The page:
Nigeria And Its Oil Vandalism Industry
Oxford online dictionary defines vandalism as an action involving deliberate destruction of or damage to public or private property. Over the years, Nigeria has recorded various degrees of vandalism across major sectors, the wilful destruction of electricity transformers and cables, telecommunication masts and base stations, water pipes, bridge railings, and railway trackers and slippers, to mention a few.
A look at two most recent cases are the aftermath of the alleged shooting of EndSARS protesters in October 2021 and vandalism of railway tracks along Agyaragu Tofa in Lafia LGA and Angwan Alago of Kadarko District in Keana LGA of Nasarawa State.
The ‘shocker’ of all reports of vandalism was announced recently at a town hall meeting held in Abuja on protecting oil and gas infrastructure, organised by the Ministry of Information and Culture. Panellists at the symposium made startling revelations on the figures of barrels of oil the nation has lost to vandalism in recent times, the numbers of vandalised pipelines and the amount the federal government is spending yearly to fix them.
Recently, the Minister of Environment, Mr Mohammed Abubakar revealed that the nation is the most notorious in the world for oil theft, having lost 400,000 barrels of oil daily to theft. With Mexico, coming second losing between 5,000 and 10,000 barrels of oil per day to theft, a difference of 3,900 percent.
The Minister also cited a report by Nigeria Natural Resources Charter, which estimated that approximately N4.75 trillion was lost by the nation to oil theft between 2015 and 2018. He added that the report equated the federal government to have lost approximately three per cent of its revenue to oil theft.
Meanwhile, the Minister of Information and Culture, Alhaji Lai Mohammed said about N60 billion was being spent yearly by the federal government to repair vandalised pipelines. He added that between January 2019 and September 2020, 1,161 pipeline points nationwide were vandalised.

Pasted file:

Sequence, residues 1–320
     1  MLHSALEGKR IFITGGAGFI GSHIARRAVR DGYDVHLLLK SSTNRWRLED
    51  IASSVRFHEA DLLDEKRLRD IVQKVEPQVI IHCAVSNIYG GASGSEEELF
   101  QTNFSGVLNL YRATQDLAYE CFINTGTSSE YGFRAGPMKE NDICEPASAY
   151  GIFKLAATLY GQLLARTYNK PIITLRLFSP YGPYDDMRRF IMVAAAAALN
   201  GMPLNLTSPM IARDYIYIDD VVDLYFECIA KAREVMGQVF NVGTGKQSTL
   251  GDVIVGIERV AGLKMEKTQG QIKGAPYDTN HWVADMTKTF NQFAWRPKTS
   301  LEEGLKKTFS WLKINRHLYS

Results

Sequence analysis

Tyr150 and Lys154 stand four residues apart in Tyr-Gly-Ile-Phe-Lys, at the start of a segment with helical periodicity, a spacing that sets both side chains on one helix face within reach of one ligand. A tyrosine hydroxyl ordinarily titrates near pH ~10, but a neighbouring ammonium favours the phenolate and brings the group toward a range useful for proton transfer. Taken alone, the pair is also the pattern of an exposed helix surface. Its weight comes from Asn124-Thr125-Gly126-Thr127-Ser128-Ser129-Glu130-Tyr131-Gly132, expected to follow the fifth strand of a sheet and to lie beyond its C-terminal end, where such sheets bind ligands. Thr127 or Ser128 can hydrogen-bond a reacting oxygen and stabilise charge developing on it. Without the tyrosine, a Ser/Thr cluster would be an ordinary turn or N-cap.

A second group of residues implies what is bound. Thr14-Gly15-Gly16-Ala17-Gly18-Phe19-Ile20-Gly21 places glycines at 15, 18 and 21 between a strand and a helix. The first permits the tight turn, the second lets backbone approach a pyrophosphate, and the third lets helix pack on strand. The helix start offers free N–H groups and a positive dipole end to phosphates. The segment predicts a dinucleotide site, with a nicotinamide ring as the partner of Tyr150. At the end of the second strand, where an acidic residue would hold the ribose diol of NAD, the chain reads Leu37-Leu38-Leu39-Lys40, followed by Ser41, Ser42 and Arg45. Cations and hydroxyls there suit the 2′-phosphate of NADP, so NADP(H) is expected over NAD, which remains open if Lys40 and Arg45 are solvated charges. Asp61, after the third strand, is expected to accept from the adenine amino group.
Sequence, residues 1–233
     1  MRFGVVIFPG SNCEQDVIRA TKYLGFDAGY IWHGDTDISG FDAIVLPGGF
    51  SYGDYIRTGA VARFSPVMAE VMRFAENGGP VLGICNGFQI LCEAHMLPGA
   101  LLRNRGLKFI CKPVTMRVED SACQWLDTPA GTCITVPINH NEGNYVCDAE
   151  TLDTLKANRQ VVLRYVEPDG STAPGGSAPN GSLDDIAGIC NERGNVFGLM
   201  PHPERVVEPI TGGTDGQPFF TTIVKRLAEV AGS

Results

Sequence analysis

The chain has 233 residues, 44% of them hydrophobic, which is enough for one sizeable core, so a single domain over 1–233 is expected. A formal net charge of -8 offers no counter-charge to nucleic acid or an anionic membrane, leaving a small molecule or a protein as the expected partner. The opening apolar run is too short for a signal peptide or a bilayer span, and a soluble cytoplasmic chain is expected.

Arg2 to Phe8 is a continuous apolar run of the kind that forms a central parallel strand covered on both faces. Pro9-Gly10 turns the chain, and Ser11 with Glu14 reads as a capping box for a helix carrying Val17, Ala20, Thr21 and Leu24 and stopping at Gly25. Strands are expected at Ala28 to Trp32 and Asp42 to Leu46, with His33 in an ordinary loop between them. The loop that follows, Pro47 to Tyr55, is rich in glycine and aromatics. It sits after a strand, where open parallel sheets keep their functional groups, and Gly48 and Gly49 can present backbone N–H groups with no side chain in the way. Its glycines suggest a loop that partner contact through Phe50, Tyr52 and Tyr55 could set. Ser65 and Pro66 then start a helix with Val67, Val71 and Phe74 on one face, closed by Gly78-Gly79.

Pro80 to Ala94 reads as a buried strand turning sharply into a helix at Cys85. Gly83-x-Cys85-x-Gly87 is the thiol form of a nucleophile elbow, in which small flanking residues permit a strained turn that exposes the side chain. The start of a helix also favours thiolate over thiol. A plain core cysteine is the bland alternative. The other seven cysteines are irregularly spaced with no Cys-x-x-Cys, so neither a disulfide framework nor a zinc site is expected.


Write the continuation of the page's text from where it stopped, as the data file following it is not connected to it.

The Group Managing Director, National Petroleum Corporation (NNPC), Mr Mele Kyari, who was represented by the Minister of State for Petroleum Resources, Mr. Timipre Sylva said since 2014, an average of about 38 million barrels of crude oil were deferred annually due to incessant pipeline vandalism, while in 2020 about $1.538 billion in revenue was deferred due to 94 incidents. He added that from January-May 2021, the NNPC pipeline segments have suffered 203 breaks with system 2B having 80pipeline breaks and System 2E, a total of 114 pipeline breaks and a total cumulative loss of 39 million litres amounting to N.59 billion. He also said that pipeline vandals and criminals operating along system 2B axis have stolen about 307,994 million litres of petrol valued at N41.049 billion.
With these revelations, the effect of vandalism on oil facilities has not only caused the nation loss of oil revenue but also the money lost and used for repair could have been used to develop other sectors like education, health, housing and road, among others. Aside from causing huge revenue losses to the government, pipeline vandalism can also cause environmental pollution and degradation. Poverty, unemployment and the get-rich-quick syndrome may be attributed to this unpatriotic act, but some also indulge in it for political reasons.
Also, oil pipeline vandalism is a pointer to the weakness and failure of the nation’s security architecture. One would wonder how on earth would vandals who are non-state actors be running rings around security agents over the years if there is no act of complicity between the lawbreakers and the law enforcers? With the federal government in possession of these reports couple with its military might and arsenal, what steps have they taken to fish out the scoundrels plundering the resources of the nation? What policy or law has been enacted to curtail the heinous act? Spending N60billion annually to repair vandalised pipelines is alarming considering the current harsh economy and the dwindling revenue.
For any reasonable Nigerian, it’s either those awarding contracts for the repairs of the vandalised public properties and the contractors are working in cahoots with the perpetrators and security agents to keep them in business or as Akpabio stated pipeline vandalism has become an industry.
This unfortunate trend has to be curbed speedily.